Tag Archives: reading

Teachers Can and Do

I always hated, and never believed,  that old chestnut that teachers are people who cannot actually do what they teach–nonsense! Teachers are those who share with us the technology (so to speak) of the art or craft  they have fallen in love with. They want to share with us what they love, share the how-to and the mystery of it.

They become educators when they draw out of us our desires to pursue a field to the limit of our ability, usually thanks to their support, inspiration, and ministrations of technique and method.

As a working journalist, story performer and more I want to share with others what I have learned and to inspire others to follow their dreams in whatever field they desire–esp in

writing and story performance. Yep, I talk and write for audiences. It’s that simple!

This month I have had the opportunity to be a teacher and to share my love of these two modes of communication on Donna Washington’s Blog, in Ruby for Women Magazine (writing only in that one. March starts a three-part series for those who want to get started in writing) and here, on this blog by reminding you that I have two new publications out this month–My children’s book, Rosa’s Shell and my book of poems, Languid Lusciousness with Lemon.

PS Today the literative.com site has one of my writings up as the prose winner of their winter contest!

https://literative.com/writing-contest-winners/cold-snap-creative-writing-contest-winner/

Do check it out!

I’m happy to come and and talk to your school or group about writing (for adults, for children, poetry) story performance (or to give a story performance!)

Please do contact me and let me know if you would like me to come! Those who do, if they are fortunate enough also share what they know by teaching!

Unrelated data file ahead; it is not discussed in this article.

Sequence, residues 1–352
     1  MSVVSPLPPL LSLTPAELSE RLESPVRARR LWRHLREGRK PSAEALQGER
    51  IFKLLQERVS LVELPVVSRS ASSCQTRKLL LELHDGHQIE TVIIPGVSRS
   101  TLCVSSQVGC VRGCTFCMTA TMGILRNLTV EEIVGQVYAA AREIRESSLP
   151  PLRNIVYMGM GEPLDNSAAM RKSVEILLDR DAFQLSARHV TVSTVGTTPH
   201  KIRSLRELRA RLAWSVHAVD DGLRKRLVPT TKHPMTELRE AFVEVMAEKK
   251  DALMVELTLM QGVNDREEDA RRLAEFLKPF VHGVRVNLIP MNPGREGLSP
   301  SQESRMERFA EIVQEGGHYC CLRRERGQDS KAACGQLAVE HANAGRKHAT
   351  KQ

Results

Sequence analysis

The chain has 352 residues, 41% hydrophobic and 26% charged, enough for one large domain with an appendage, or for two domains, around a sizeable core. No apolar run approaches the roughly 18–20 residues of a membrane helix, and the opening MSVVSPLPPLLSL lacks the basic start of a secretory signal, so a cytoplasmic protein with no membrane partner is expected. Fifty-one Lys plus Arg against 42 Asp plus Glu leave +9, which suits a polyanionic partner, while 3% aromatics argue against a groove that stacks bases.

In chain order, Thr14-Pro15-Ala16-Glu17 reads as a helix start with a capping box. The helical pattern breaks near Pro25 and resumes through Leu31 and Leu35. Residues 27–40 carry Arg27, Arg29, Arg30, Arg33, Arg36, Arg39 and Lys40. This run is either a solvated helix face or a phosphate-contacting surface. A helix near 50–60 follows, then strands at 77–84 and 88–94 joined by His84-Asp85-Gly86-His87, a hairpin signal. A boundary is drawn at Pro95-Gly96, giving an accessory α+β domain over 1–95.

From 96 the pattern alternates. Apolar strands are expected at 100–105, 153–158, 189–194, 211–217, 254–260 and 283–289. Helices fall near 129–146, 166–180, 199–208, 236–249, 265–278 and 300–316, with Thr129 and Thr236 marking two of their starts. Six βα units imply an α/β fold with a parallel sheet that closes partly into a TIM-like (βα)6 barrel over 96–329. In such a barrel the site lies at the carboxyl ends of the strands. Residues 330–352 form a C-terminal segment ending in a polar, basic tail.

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What a Day!

It’s not even ten am yet and already I have been hard at work on the computer, but am not yet dressed!

First thing–saw that Silver Birch has posted my poem What we took with us when we moved, as a part of their moving day series–warning, this one is sad.

Then, I opened my gmail account and there were the page proofs for Summer in a Bowl!!!!
Amazing work by the artist Rebecca Zeissler.
Countdown to publication day of September 30!!!!!!
You can order the book now , pre-order on THEAQLLC, Amazon and BN
Those who pre-order before the launch date of September 30 can email me a copy of the receipt and be in a drawing to win a copy (signed) of the first book in the series, WHOOSH!
There is a recipe in the back of this one and gardening tips
Excitement!!!!!!!

Birth of a Book, Blog # 1

Blog Entry Number One

March 12, 2016

Contract is Signed!

So, I mailed the contract back to the publisher this week. The contract’s basic legal language is fine. I was satisfied with the legal provisions. The important part of the contract as far as all of you other writers are concerned is the “deliverable” list. This list is my list of deadlines for each step of the way. It also outlines the deadlines for the publisher and the illustrator. I went through my calendar and marked each deliverable date on my calendar.